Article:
The recent debate about who should be the new Federal Reserve governor has made me think about the general misperception that a good central bank governor is a good “crisis manager”.
This is for example Ezra Klein endorsing Larry Summer for new Fed chief:
“Summers knows how to manage a crisis. This White House is particularly attuned to the idea that the economy can fall apart at any moment. Summers, they think, knows what to do when that happens. He was at the center of the Clinton administration’s efforts to fight back the various emerging-markets crises of the 1990s (remember “The Committee to Save the World”?). He was core to the Obama administration’s efforts to fight the financial crisis in 2009 and 2010. Few people on earth are as experienced at dealing with financial crises — both of the domestic and international variety — as Summers.
What is wrong with this argument?
First, of all the assumption is that crisis is a result of the market economy’s inherent instability and that the regulators’ and the central bankers’ role is to somehow correct these failures. There is no doubt that central bankers like this image as saviours of the world. However, history shows that again and again we are in fact talking about firefighter arsonists – central banks again and again have caused crisis and afterwards been hailed as the firefighters who flew in and saved the world.
Just take the ECB’s actions of the last couple of years. The introduction of the so-called OMT program is often said to have ended the fire that was (is) the euro zone crisis. But why did we have a euro crisis to begin with? Well, it is pretty hard to get around fact that the ECB’s two rate hikes in 2011 played a very significant role in igniting the crisis in the first place. So is the ECB a firefighter or an arsonist?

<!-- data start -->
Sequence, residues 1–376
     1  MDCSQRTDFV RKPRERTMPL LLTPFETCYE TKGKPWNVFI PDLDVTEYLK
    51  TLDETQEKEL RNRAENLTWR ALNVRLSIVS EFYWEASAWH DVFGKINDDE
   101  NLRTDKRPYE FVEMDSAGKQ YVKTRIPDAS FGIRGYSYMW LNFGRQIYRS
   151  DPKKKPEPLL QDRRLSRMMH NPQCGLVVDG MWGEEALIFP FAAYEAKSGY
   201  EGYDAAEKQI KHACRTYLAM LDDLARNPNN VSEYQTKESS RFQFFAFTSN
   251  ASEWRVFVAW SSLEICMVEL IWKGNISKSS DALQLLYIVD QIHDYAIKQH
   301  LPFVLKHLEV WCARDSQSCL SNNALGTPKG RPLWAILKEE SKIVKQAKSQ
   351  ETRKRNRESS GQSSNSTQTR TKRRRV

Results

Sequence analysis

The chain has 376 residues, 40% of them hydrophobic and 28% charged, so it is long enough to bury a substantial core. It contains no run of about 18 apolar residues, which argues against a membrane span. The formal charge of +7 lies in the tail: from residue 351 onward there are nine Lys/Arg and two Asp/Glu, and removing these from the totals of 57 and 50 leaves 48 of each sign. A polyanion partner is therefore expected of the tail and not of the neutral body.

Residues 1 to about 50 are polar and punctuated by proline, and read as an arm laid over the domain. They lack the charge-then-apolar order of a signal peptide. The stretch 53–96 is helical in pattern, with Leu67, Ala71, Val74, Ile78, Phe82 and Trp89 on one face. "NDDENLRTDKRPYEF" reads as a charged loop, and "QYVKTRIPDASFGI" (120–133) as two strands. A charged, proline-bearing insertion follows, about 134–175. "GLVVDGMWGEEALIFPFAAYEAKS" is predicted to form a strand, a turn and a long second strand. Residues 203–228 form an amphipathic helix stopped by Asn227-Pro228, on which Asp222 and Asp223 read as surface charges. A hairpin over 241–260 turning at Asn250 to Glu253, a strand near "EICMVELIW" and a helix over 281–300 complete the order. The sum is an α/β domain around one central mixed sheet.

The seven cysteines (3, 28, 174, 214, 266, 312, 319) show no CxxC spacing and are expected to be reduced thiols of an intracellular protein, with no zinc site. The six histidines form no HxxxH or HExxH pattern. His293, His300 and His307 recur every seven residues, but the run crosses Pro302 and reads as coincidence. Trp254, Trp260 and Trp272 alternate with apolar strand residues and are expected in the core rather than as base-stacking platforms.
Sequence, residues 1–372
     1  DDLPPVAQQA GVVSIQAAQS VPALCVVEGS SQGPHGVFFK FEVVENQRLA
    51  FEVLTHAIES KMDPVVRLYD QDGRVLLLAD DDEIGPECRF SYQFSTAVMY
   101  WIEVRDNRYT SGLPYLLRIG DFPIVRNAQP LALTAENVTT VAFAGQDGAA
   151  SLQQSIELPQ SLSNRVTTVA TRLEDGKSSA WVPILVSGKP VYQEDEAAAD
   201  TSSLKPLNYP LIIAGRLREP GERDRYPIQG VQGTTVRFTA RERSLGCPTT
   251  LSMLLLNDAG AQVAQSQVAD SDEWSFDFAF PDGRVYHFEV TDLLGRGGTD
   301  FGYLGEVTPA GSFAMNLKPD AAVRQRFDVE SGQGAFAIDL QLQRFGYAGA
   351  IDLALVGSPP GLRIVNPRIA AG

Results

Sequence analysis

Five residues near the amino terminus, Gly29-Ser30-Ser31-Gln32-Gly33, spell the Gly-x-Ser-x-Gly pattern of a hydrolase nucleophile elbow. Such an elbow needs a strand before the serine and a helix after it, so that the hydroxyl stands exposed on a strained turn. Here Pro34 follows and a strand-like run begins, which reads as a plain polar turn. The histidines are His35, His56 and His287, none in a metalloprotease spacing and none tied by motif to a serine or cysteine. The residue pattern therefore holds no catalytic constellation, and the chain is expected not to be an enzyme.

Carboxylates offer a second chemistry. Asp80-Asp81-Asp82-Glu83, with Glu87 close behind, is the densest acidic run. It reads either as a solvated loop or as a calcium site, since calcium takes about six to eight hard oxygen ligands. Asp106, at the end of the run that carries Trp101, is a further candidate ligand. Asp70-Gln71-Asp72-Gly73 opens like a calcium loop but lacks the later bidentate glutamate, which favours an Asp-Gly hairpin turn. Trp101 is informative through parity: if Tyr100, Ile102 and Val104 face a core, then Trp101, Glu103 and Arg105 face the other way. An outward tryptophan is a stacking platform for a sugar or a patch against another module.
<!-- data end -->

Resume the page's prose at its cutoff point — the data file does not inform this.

Second, describing central bankers as crisis managers and firefighters exactly defines monetary policy as first of all a highly discretionary discipline. There are no rules to follow. A crisis suddenly erupts and the clever and imaginative crisis manager – a Larry Summers style person – flies in and saves the day. This is often done with the introduction of enormous amounts of moral hazard into the global financial system. This has certainly been the case during the Great Recession and it was certainly also the case when Summers was on “The Committee to Save the World”.
Did the “The Committee to Save the World” actually save the world or did it introduce a lot more moral hazard into the global financial system?
We don’t need crisis managers – we need strict and predictable monetary policy rules
We need to stop thinking of central bankers as crisis managers. They are not crisis managers and to the extent they try to be crisis managers they are not necessarily good crisis managers. As long as there is a monopoly on money issuance the central bank’s role is to ensure nominal stability and act of as lender of last resort. Nothing more than that.